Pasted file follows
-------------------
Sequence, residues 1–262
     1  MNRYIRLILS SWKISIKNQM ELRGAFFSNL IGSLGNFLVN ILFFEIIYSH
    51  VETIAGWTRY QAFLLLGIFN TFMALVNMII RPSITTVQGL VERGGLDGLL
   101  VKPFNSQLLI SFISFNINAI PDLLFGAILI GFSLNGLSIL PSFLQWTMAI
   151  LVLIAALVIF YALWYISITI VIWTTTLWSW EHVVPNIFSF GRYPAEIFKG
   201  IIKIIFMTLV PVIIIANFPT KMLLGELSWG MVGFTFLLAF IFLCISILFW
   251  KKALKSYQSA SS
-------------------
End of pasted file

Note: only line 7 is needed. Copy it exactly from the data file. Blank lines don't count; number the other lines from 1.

   251  KKALKSYQSA SS